In comparison with the V2, the V3 has a much flatter appearance as it doesn't have the angular, deep grip of the V2. Although this means you can't get quite as good as grip on the camera, especially when using it one-handed, there is still a raised, textured portion that makes it feel secure in the hand.
On top of the camera is a switch for turning the camera on and off, which requires just a light touch. This means that occasionally when the camera is in a bag, it can be easy to accidentally knock it on.
There's a mode dial on top of the camera for quickly switching between the various types of modes, such as manual, semi-automatic (aperture priority and shutter priority) as well as video, creative and the Nikon 1 unique modes, such as Best Moment Capture.
On the front of the camera, there's a small dial that controls different functions depending on the shooting mode you're in. In aperture priority, for instance, it controls aperture. Easily reachable by the thumb is another scrolling dial, which can be used for a number of different parameters, such as white balance or ISO, and can be customised via the menu system.
A range of different buttons can be found on the back of the camera. You'll need to use both hands to operate the camera since four of them are grouped on the left hand side. These include the menu and playback button, so if you are shooting one-handed you can still set the majority of shooting settings using your right hand.
On the right hand side is a scrolling dial that surrounds a standard four-way navigational pad, with each directional key having its own function to include AF mode for the up directional key, exposure compensation for the right key and timer/drive mode for the left directional key.
So long as you have AF-area mode set to single point, you have a couple of options when setting the autofocus point. If you prefer physical buttons, you can hit the OK button in the centre of the navigational pad and then use the directional keys to move to the point you want. Or, if you prefer the ease and speed of the touchscreen, you can simply tap the point on the screen you wish to use. You can also use the touchscreen to fire off the shutter release, which is useful when shooting from an awkward angle where using the physical button might be tricky.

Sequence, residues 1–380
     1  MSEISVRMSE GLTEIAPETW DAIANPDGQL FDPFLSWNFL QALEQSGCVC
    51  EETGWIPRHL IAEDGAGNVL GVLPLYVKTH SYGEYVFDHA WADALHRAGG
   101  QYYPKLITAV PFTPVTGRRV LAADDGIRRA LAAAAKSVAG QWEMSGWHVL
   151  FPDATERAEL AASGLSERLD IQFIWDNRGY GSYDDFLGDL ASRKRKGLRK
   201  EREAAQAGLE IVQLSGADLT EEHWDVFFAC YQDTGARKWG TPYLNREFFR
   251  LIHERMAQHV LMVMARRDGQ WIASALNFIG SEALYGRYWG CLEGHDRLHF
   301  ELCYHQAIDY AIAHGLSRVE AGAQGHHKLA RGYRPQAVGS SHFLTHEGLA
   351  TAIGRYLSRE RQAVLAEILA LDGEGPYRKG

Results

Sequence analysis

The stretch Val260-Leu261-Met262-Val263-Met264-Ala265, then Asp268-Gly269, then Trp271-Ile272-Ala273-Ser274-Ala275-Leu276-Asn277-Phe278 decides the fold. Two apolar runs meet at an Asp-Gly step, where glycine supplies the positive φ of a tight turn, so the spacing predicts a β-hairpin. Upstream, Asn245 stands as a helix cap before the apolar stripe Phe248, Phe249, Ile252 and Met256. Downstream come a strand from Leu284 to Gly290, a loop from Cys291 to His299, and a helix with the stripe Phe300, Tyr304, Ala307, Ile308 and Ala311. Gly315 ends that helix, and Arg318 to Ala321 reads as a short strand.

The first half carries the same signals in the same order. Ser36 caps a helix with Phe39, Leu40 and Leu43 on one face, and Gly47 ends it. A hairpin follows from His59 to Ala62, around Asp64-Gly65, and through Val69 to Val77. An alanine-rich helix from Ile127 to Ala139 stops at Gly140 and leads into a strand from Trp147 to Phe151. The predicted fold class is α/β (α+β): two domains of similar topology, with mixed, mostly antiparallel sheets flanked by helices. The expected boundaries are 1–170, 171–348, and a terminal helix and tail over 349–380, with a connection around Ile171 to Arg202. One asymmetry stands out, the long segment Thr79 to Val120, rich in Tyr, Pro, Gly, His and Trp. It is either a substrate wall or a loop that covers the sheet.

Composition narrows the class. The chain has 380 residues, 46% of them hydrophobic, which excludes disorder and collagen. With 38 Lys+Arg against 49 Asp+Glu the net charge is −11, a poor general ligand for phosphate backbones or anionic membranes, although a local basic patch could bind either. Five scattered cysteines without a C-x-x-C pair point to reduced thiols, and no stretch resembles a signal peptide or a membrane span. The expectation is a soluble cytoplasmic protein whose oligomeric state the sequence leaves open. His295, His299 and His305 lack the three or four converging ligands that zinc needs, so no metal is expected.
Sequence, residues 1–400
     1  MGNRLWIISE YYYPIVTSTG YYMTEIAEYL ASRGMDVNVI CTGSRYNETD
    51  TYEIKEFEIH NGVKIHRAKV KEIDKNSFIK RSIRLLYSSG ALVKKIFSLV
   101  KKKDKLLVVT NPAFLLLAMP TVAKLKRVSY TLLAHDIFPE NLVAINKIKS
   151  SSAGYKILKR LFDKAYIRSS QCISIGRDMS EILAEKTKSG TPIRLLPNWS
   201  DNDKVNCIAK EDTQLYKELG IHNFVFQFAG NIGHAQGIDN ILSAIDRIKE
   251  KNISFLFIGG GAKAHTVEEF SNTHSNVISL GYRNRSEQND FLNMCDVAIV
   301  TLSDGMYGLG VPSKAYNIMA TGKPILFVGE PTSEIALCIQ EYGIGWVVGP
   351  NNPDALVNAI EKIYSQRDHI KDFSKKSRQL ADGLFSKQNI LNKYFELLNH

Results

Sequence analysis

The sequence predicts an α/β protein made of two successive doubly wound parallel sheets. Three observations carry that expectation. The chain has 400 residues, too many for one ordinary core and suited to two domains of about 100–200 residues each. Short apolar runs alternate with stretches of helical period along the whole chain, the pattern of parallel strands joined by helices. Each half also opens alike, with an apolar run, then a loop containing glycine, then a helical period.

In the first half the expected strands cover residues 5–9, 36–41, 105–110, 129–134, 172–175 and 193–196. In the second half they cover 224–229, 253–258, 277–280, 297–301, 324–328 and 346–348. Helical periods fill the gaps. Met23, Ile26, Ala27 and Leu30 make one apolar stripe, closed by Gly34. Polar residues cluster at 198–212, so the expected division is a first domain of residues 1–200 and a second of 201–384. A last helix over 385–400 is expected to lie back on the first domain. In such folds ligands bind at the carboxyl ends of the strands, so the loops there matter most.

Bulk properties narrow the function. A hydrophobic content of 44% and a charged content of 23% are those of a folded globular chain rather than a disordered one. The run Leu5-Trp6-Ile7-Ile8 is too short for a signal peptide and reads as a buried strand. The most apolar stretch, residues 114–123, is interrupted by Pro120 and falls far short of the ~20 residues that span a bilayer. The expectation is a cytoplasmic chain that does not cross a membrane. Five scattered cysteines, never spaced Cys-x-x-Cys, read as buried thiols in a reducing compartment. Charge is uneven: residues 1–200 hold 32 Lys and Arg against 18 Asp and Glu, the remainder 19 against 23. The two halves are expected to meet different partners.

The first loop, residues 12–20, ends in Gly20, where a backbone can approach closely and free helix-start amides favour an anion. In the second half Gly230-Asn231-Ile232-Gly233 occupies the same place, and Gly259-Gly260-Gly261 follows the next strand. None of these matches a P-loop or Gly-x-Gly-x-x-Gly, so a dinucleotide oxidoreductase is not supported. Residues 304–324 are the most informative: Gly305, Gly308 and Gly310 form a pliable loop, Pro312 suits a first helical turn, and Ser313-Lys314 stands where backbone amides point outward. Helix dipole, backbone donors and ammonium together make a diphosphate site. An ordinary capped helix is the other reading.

Speaking of the touchscreen, it's nice and responsive to use, and can be used for changing other settings, such as ISO. It's also useful for scrolling through images in playback, or using pinch to zoom to check critical focus. The fact that it tilts also makes it useful for shooting from awkward angles, and the hinge that it sits on feels pretty sturdy.
To access settings that you might commonly want to access, such as metering, picture style, and sensitivity, you can press a button labelled "F" and a number of different settings will pop up on the display. You can either touch the one you want to alter and use the rear scrolling dial to make changes, or use the directional keys to move to the setting you want to alter.
In order to access creative modes, you can either use the dedicated Creative mode, or you can use different Picture Styles in any of the semi-automatic or manual modes. Picture Styles include Vivid or Monochrome, and can be customised (such as by increasing the contrast), and also have the benefit of being able to be shot in raw format.
Alternatively, you can shoot different effects in the creative mode, but they can only be shot in JPEG format, so it's not quite as flexible an option, and as these filters are more dramatic, you'll be stuck with them should you change your mind about the filters down the line.